*Only one team in the AL Central had winning record in ’98: Cleveland. The White Sox finished in second place with a losing record, 80-82.


So how are the ’99 Yankees the last to repeat? What has happened in the last 20 years?

A bunch of things could factor into this.

One was they returned nearly their entire roster from 1998. Give or take a few guys that didn’t return: David Wells, Homer Bush, Graeme Lloyd, Tim Raines; having the majority of their roster return the following year was a major positive.

Another could be the Wild Card inception in 1995: more teams make the postseason than ever before. Now with the Wild Card and play-in games: could that be why it’s harder to repeat? Could it be more teams, more parity, and more competitive balance then ever?

Before you throw “Payroll/big market vs. small market” at me, just remember this:

Kansas City, Houston, Philadelphia, St. Louis, and Chicago have all won championships in recent years with great player development without being a top-10 payroll team. To further prove that point, let’s look at another list: here’s every championship team in the last 20 seasons, and where they ranked in MLB Payroll that season:

1999: Yankees #1

2000: Yankees #1

2001: Diamondbacks: #8

2002: Anaheim Angels: #15

2003: Florida Marlins #25

2004: Red Sox #2

2005: White Sox #13

2006: St. Louis Cardinals #11

2007: Boston Red Sox #2

2008: Philadelphia Phillies #12

2009: New York Yankees #1

2010: San Francisco Giants #10

2011: St. Louis Cardinals #11

2012: San Francisco Giants #8

2013: Boston Red Sox #4

2014: San Francisco Giants #7

2015: Kansas City Royals #15

2016: Chicago Cubs #14

2017: Houston Astros #18

2018: Boston Red Sox #1

So what does this all mean?

It means big spending doesn’t always mean a championship.

In fact, only 4 times in the last 20 seasons has the team with the biggest payroll won the title (3x the Yankees, 1x Boston).

What I do know is the Yankees followed up their historic ’98 campaign with another championship in 1999.

It was fun to research the storylines from that ’99 season:

  1. David Cone’s Perfect Game on Yoga Berra Day at Yankee Stadium
  2. Jeter .349, 219 hits/Bernie .342
  3. Mariano Rivera didn’t allow a run after July 21.
  4. Roger Clemens traded to Yankees in February 1999
  5. 11-1 Postseason

Back to my previous question about how they started out of the gate. Let’s look at their chronological season record:

May 1st: 15-7

June 1st: 30-20

July 1st 47-29

August 1st: 62-41

September 1st: 81-51.

So how is this team the last to win consecutive titles?

Let’s start with the guys in the clubhouse, Jeter and Rivera first.

Eventually both will be first ballot Hall Of Famers, and by 1999 each were full budded young superstars: Jeter was 25, and Rivera was 29.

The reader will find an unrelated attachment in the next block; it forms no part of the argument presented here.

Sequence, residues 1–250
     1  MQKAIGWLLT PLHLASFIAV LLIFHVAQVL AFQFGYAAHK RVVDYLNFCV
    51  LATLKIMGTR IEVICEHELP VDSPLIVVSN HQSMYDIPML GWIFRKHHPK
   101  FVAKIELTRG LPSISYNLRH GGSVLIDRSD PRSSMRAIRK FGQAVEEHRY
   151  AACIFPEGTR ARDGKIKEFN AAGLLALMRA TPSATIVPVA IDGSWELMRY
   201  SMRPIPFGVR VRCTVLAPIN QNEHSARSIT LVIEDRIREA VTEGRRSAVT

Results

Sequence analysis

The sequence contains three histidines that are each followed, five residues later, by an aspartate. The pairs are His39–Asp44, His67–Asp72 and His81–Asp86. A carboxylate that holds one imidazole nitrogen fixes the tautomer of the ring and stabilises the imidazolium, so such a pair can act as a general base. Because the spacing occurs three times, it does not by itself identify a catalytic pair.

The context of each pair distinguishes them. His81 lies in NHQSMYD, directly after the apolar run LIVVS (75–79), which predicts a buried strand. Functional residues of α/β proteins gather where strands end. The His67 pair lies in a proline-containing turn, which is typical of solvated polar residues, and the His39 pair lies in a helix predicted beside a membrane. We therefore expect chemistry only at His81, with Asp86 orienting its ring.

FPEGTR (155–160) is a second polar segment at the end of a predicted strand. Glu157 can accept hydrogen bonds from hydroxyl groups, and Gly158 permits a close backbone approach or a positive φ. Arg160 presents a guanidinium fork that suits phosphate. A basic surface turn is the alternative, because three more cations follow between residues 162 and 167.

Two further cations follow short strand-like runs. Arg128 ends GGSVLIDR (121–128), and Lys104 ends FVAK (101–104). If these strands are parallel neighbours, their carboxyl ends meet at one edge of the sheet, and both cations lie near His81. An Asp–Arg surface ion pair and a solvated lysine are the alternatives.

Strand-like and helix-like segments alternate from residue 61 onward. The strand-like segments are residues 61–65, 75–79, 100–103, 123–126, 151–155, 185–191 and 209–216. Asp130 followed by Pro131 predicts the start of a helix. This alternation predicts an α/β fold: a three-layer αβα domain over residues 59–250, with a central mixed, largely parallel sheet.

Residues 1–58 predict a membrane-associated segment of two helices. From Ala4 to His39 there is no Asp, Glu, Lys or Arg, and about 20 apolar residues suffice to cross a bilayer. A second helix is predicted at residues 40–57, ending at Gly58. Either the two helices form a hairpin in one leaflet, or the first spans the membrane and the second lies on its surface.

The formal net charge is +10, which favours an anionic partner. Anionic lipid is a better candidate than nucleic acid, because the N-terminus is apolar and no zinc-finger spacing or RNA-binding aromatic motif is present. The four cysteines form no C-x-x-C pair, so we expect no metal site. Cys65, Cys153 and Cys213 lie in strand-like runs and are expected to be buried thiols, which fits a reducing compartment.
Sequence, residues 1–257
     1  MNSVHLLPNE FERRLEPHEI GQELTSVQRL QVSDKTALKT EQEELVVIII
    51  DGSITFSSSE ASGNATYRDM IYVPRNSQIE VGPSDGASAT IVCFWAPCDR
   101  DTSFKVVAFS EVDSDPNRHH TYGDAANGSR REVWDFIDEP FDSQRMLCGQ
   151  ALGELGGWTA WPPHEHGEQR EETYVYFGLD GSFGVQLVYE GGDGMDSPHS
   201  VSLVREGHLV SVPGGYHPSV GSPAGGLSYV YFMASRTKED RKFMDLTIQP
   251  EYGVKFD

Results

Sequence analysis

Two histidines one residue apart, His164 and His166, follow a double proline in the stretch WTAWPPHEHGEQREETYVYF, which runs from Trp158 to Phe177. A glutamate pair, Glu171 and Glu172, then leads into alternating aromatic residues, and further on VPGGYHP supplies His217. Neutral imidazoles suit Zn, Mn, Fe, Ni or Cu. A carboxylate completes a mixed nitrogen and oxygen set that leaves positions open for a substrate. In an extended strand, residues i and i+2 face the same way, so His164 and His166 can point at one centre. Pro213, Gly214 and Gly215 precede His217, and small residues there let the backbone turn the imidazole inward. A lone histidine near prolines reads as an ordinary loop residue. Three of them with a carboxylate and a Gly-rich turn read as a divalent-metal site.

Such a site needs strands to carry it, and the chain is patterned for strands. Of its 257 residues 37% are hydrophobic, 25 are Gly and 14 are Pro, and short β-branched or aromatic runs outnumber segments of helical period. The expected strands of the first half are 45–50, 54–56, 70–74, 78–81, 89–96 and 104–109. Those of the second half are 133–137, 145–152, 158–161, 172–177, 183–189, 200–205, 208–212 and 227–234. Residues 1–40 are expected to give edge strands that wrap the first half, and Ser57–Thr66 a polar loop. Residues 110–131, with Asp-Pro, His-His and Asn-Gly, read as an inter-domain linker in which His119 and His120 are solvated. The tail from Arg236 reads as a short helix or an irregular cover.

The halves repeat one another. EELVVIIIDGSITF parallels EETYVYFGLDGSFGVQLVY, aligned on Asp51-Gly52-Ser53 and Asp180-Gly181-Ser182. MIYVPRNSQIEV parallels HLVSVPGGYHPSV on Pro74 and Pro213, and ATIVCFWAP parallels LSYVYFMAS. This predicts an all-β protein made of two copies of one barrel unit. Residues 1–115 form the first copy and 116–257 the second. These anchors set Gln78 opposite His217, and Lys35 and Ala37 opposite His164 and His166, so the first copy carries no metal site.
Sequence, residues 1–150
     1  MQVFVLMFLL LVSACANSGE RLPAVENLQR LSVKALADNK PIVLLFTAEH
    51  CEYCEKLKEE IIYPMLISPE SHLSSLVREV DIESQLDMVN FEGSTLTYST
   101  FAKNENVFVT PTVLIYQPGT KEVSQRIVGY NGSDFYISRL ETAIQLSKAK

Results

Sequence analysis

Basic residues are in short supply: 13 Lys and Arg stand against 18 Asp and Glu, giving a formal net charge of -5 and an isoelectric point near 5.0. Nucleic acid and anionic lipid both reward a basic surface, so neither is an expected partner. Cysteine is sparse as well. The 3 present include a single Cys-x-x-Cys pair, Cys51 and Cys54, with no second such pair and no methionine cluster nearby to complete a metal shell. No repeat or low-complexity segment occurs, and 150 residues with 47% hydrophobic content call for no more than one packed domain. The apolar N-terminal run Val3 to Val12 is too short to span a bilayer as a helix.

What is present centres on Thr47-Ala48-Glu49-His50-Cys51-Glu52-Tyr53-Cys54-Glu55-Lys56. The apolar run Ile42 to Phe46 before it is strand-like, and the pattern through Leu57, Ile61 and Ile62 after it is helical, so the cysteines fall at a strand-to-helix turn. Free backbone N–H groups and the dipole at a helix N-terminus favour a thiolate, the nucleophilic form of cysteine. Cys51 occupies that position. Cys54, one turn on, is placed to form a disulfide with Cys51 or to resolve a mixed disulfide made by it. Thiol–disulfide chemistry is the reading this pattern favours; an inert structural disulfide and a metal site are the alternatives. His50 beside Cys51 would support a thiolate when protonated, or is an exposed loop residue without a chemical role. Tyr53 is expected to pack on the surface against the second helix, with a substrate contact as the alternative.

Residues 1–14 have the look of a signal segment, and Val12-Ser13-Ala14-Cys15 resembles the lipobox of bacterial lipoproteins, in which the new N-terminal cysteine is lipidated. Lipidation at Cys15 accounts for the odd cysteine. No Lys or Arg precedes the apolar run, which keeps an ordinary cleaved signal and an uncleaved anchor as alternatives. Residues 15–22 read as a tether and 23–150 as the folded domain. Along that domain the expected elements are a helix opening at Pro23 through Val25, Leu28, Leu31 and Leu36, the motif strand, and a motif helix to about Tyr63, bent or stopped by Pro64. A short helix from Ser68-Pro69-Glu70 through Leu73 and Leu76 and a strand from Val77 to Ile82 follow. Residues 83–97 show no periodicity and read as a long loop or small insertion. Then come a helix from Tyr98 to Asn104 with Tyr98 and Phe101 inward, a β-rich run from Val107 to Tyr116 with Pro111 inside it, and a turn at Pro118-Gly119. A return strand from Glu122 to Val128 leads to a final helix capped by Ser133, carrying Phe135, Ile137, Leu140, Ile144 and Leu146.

Statistically, one could argue that 1999 was the best year he had in his career.

He posted career highs that season in hits (219), batting average (.349), home runs (24), RBI’s (102), and WAR (8.0).

“Within the long list of Jeter’s exceptional stats in 1999, there are two that also stand out: He hit a mind-boggling .371 on 0-2 pitches and hit .455 when facing an opposing pitcher for the third time in a game.” –excerpt from “Derek Jeter’s Forgotten MVP Season,” by Lyndsay Berra. 

Jeter also went into the All Star break hitting .371, an astounding first half.

He was 25: an elastic, flexible, and explosive shortstop with lightening-quick hands. It’s crazy to now think he’d go on to play 15 more seasons after ’99.



The only point that needs to be said about Rivera in 1999: He did not give up a run after July 21.

Let me type that again.

He did not give up a run in 1999 after July 21.

That means after July 21st he entered a game and pitched 28 times to finish the regular season, and 8 postseason appearances did not give up a run in any of those times.

*Maybe that’s how you repeat: when your closer doesn’t give up a run for 36 straight appearances*

It’s not easy to do. He’s a unanimous first ballot Hall Of Fame inductee for a reason.


Coney Perfect:

The difference in parody from one season to the next can be staggering. In my piece last summer, I delved into the David Wells perfect game on May 17th and how that seemed to galvanize the 1998 club.

And unbelievably enough: David Cone did the same thing and threw a perfect game one year later at Yankee Stadium on July 18th, 1999.

The previous perfect game before David Wells in ’98 was by Don Larsen all the way back on October 8, 1956. Yogi Berra was the catcher, and after the last out created the memorable scene by jumping into Larsen’s arms.

By early 1999, the relationship between the Yankees and Berra can be called rocky at best, after Berra was canned by George Steinbrenner less than 20 games into the season in 1985. Berra vowed to cut ties, and didn’t have anything to do with the club for 14 years.

But before the ’99 season started, Berra and the club were able to mend as he worked with Jorge Posada in spring training before the year started.